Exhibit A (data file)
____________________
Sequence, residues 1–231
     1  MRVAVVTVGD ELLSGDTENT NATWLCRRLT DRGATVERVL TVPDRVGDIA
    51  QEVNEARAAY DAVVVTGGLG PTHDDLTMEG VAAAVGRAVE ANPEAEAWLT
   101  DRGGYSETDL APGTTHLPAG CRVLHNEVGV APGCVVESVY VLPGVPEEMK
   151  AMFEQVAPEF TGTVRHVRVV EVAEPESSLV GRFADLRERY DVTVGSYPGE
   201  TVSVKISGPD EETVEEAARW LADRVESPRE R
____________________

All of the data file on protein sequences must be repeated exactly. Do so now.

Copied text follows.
Sequence, residues 1–231
     1  MRVAVVTVGD ELLSGDTENT NATWLCRRLT DRGATVERVL TVPDRVGDIA
    51  QEVNEARAAY DAVVVTGGLG PTHDDLTMEG VAAAVGRAVE ANPEAEAWLT
   101  DRGGYSETDL APGTTHLPAG CRVLHNEVGV APGCVVESVY VLPGVPEEMK
   151  AMFEQVAPEF TGTVRHVRVV EVAEPESSLV GRFADLRERY DVTVGSYPGE
   201  TVSVKISGPD EETVEEAARW LADRVESPRE R